14. "Political Balance of Power Crises Could be Avoided", November 8, 1971. 
15. "Ensuring Workable Majority in Parliament", November 9, 1971. 
16. "Response to Voting Ideas Encouraging", November 23, 1971. 
17. "Now Is Time to Force Pledge for Change to End Deadlocks", March 24, 1972. 
18. "Clear-cut Decision Needed in Forthcoming State Election", April 3, 1972. 
19. "Risk of an Indecisive Election: A Plan for Averting Too-Narrow Margins", April 17, 1972. 
20. "Refinements in Voting System Can Ensure Majority Rule", April 18, 1972. 
21. "Electoral Justice Still Needs to be Safeguarded", April 24, 1972. 
 

-   5   -

(Articles by the writer appearing in other publications or articles merely descriptive of the Hare-Clark system without advocating reform of some kind are not included in the above list). 

 

-   6   - 

 

PART II - WHY SENATE-STYLE REGIMENTED VOTING DISTORTS THE PROPORTIONALITY OF ELECTION RESULTS, THEREBY             PENALIZING THE MAJOR PARTIES THAT PRACTISE IT, RESULTING IN THE OVER-REPRESENTATION OF MINORITY PARTIES OR GROUPS,THUS INEVITABLY WEAKENING THE TWO-PARTY SYSTEM AND INCREASING THE LIKELIHOOD OF INSTABILITY IN PARLIAMENT.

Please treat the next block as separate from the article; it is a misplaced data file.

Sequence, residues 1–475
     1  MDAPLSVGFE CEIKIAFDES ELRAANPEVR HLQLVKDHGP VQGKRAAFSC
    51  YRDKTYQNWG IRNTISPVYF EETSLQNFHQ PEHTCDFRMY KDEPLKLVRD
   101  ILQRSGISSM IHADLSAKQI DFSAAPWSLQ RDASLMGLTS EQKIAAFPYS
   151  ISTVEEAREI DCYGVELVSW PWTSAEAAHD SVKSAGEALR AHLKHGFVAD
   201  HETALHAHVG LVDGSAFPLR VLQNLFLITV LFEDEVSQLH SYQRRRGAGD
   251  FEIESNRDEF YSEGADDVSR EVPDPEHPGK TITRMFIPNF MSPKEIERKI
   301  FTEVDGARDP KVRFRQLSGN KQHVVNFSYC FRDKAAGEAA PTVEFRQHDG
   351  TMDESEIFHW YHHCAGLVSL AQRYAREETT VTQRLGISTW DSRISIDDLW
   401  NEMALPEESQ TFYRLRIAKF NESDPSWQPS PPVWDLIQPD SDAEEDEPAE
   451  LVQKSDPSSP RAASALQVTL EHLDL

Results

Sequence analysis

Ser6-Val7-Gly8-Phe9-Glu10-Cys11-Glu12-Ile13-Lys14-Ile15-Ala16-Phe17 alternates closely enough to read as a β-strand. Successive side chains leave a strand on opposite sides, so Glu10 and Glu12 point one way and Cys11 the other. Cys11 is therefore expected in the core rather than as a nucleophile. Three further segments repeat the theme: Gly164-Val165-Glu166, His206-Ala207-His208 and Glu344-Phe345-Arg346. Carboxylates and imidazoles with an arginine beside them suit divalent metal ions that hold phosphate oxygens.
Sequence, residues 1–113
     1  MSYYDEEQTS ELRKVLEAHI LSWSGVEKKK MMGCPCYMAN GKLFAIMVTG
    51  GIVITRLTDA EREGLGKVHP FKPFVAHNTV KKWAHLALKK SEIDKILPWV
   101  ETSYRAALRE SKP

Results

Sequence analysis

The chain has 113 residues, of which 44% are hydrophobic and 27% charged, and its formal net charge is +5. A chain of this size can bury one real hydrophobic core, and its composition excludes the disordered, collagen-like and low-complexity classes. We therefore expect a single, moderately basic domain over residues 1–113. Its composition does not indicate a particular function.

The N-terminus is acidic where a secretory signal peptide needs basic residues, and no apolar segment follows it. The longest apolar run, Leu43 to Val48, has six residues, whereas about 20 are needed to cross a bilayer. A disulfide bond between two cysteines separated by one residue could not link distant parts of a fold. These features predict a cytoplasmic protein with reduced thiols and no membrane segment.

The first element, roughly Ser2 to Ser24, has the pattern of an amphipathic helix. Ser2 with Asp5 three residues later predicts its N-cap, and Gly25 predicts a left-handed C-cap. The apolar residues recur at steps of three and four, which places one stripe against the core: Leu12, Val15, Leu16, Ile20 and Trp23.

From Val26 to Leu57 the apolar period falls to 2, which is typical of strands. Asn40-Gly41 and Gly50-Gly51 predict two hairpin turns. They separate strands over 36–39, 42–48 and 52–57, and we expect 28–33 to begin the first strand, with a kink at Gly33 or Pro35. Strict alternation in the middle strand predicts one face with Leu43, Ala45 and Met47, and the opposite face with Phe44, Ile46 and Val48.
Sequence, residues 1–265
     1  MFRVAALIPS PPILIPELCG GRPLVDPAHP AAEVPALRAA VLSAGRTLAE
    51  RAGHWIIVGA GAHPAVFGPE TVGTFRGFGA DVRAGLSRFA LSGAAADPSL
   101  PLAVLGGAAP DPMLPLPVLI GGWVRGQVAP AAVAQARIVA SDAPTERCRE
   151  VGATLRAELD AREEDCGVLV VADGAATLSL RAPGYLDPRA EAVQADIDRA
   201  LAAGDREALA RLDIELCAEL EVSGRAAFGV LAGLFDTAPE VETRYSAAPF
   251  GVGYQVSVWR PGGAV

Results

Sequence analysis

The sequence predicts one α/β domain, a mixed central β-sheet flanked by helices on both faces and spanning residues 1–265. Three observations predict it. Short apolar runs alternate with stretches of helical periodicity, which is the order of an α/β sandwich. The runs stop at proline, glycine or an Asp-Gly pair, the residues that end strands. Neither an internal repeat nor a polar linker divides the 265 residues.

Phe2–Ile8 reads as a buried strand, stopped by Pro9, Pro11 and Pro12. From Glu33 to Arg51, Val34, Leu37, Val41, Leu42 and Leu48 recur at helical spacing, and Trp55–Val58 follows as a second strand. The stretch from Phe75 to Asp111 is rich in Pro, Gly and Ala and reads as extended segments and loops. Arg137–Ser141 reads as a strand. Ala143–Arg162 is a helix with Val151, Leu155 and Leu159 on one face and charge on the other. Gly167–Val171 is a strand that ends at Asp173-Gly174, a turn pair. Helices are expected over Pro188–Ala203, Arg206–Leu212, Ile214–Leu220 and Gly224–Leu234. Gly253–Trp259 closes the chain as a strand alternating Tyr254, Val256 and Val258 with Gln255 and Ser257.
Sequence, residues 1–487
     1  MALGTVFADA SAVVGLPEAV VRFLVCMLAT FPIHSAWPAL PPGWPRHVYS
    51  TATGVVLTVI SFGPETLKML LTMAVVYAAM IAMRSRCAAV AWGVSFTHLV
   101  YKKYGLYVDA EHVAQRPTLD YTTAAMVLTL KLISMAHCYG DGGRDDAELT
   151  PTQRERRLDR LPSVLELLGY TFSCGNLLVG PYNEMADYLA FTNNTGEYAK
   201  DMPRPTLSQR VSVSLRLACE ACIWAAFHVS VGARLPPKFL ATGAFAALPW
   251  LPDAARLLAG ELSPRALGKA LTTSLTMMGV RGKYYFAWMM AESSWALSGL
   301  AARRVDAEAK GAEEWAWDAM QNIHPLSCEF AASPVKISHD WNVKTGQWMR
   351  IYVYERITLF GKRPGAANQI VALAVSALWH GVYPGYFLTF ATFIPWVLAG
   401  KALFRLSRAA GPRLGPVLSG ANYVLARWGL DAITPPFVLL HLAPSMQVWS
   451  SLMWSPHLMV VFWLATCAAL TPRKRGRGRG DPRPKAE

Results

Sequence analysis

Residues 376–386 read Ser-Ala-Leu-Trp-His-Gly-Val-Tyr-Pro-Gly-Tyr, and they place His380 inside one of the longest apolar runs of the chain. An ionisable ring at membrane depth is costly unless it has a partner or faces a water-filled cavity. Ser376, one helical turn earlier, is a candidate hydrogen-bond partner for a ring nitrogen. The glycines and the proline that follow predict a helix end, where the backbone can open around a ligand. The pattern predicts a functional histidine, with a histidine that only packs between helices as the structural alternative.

Regimented voting, Senate-style reduces the equity of election results by distorting the proportionality of the election outcome; such regimentation can and does result in some parties, namely, the larger ones, receiving fewer seats when on a proportional basis, they are entitled to more seats. Conversely, such regimentation can and does give smaller parties or groups more seats than they would be entitled to on a proportional basis. 

In short, regimented voting, Senate-style can under-represent the parties supported by the greater number of voters and over-represent the parties or groups attracting less support. The fact that such regimentation does under-represent the major parties and over-represent minor ones can be seen clearly from examples cited here in Part II. More will be cited in the final report. 

Under the time-tested Hare-Clark feature of giving the voters a free selection of candidates, the larger parties gain their fair share of the seats while not depriving any eligible minority of their fair share also. If any party or group obtains a full quota, or close enough to a full quota, it will win a seat as it is justly entitled to, under Senate or Hare-Clark conditions. 

However, suppose no party has sufficient votes (in primaries plus possible accumulated preferences) to fill a quota for the last seat to be filled - a common enough situation: who is entitled to that seat when two or more have partial quotas but not full ones? Under usual Hare-Clark conditions this problem is answered easily and naturally enough (as regards the vacancies within an electorate) - namely, by the rule of the order of elimination of candidates.